Whether you’re renovating or building a brand new home, wooden windows are an appealing option. Some people may consider wood fixtures classic, traditional, or even old-fashioned, there are so many styles of wood window available right now that they can be designed to suit every taste. Besides versatility and variety of choices, there are many other reasons to opt for wood windows.
Benefits of Wood Windows
- Durability – Properly treated wood house windows are less likely to warp or crack compared to vinyl. And temperature changes don’t make them expand and contract like metal windows do, which can cause structural problems and degrade the insulation around the window.
- Easy Maintenance – Maintaining wood windows is easier than you might think. As long as the wood is properly sealed, it will only need a gentle cleaning twice a year.
- The Unique Beauty of Wood – Since wood can be painted or unpainted, it gives you more options. Many designers and homeowners like to leave the woodgrain visible to give a natural look. If you want to change things up later, you can always add paint.
Wooden Window Framing
All of these come with options of exterior color, interior wood finish and/or grille. Insect screens are also available for most models, as are tinted glass, textured glass, tempered glass, or decorative glass.
- Double-Hung – A traditional rectangular frame. Both the upper and lower sashes slide open. They also tilt inward for easy cleaning.
- Double-hung Radius Top – Much like the previous model but with a rounded top which can lend a stylistic gentleness to a home’s design. The top sash does not open.
- Sliding – Another traditional design but wider than tall, with one sash sliding horizontally.
- Picture/Fixed Windows – These windows don’t open but come in a wide variety of pleasing shapes and have an artistic feel.
- Casement Flat Top – A casement window has a hinge on the side, allowing you to push it outward to open it. This maximizes air flow and gives an open-to-nature feel.
- Casement Radius Top – Same as above but with a softer rounded top.
- Awning Windows – These open outward on top-mounted hinges, which allows in a lot of air but keeps rain from coming inside. Their high placement also gives homeowners more valuable wall space to hang artwork to enhance their home décor.
- Bay Window – Bay windows extend outwards. They come in a variety of styles but often look like three attached windows. One in the center front, flanked by two similar windows at an angle on either side. The interior space inside the bay window is often filled with some sort of woodwork, like a cabinet covered with a long cushion for seating.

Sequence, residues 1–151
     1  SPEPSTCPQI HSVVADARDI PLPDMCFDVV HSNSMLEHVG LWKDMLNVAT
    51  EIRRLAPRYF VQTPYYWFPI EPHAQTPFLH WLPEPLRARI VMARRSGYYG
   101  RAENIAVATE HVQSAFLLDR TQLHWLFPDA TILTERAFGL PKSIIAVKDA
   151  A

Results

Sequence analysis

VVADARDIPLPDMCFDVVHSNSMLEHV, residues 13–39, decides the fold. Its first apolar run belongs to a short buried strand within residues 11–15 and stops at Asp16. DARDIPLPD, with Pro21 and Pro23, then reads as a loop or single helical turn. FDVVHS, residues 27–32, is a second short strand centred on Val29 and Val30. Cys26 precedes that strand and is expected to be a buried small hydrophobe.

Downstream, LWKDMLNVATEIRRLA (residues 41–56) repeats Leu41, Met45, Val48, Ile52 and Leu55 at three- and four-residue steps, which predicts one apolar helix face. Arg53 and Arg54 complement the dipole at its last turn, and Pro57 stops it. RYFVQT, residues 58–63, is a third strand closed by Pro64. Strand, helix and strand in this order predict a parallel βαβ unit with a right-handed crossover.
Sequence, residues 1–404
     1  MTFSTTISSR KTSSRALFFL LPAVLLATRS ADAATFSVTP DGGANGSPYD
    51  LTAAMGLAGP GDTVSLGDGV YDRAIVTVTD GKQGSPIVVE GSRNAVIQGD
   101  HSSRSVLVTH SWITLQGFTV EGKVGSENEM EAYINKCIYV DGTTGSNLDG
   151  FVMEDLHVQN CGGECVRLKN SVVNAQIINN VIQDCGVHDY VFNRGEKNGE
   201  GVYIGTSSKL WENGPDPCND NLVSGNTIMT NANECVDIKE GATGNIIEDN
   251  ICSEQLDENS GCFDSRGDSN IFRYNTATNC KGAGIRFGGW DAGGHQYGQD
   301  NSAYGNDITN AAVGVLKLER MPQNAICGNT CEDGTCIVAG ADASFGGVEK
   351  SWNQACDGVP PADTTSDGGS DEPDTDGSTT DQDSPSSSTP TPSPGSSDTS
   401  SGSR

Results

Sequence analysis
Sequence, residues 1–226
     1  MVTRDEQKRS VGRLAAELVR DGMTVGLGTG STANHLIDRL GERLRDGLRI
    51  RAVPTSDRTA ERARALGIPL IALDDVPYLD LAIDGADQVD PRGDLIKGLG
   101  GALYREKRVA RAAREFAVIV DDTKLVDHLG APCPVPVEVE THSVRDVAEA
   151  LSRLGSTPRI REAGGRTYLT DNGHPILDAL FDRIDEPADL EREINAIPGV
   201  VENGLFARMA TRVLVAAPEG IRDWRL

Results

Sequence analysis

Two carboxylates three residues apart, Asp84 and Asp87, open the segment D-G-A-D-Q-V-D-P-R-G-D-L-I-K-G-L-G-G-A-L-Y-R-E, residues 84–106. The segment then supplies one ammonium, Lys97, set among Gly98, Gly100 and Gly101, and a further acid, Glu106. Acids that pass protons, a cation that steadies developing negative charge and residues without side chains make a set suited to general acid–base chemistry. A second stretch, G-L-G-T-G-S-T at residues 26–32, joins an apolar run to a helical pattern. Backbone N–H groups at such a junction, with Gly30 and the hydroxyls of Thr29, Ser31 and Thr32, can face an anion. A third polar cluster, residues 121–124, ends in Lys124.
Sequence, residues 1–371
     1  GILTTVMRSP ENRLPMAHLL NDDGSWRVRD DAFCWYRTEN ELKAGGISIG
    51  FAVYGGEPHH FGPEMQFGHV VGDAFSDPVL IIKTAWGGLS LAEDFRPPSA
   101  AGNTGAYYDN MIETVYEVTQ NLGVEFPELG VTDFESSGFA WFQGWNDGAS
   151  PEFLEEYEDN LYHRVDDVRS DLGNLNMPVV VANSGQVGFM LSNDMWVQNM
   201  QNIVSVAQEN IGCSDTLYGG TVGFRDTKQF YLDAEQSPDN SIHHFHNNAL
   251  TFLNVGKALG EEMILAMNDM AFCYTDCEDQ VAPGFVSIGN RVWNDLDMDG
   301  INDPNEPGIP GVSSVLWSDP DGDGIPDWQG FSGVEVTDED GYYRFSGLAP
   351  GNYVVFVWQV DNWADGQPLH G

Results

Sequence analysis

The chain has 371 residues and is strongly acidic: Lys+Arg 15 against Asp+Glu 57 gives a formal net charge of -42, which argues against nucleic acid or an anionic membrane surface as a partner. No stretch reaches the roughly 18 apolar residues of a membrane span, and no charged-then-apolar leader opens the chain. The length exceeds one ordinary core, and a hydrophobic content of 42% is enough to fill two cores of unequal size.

- Bow Window – A bow window is similar to a bay window and people often confuse one for the other. Unlike the three-window diagonal-side shape of the bay window, a bow window has more window panels (often casement windows) and slighter angles, giving it a softer arc shape.
Exterior Trim Options
All of these window options come with a variety of exterior trim options. Usually the biggest choice you need to make is between wood exterior or clad exterior. Windows with cladding materials are better protected from outdoor elements. Cladding comes in both aluminum and vinyl with options depending on your budget and preferences. Due to its superior dent-resistance qualities, aluminum cladding tends to be more prevalent in storm-prone areas, including Michigan. Vinyl cladding is generally more resistant to humidity, which can be helpful during Michigan’s summers. Other exterior options to consider include wooden window shutters and wooden window boxes, also called flower boxes or window box planters. Both can be customized in shape and color to match the style of your home.
For the interior of your windows, you have a variety of wood finishes to choose from, as well as paint colors. And don’t forget window treatments. You can opt for blinds, drapes or curtains. Some people forgo window treatments, but they do help in the efficiency and comfort of your home, and can add a touch of style as well.
Since 1900, the Mans family has served the lumber and building material needs of the Metro Detroit and Ann Arbor communities. Nicholas August Mans began selling coal and peat in the Downriver community of Trenton, Michigan. His business quickly expanded throughout Southeast Michigan, eventually including four lumberyards, two kitchen and bath design showrooms, floor coverings, kitchen flooring, a finished carpentry and millwork shop and an installed products division.
The Mans family continues to operate Mans Lumber and Millwork with the same customer-centered values on which N.A. Mans built his business. Mans employees undergo continuous education and training to ensure that customers have access to the latest product information and building techniques.